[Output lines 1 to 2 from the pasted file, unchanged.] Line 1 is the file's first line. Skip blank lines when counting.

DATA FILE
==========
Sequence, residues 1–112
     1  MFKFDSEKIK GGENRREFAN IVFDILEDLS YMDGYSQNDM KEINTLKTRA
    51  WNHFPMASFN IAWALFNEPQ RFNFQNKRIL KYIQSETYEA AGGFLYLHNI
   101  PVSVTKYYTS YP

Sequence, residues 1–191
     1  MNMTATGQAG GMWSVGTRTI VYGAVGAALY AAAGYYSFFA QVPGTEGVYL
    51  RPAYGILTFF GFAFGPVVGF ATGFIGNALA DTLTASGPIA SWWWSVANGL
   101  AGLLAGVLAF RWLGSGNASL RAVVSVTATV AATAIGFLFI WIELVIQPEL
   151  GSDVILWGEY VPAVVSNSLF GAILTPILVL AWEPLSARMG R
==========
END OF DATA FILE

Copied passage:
Sequence, residues 1–112
     1  MFKFDSEKIK GGENRREFAN IVFDILEDLS YMDGYSQNDM KEINTLKTRA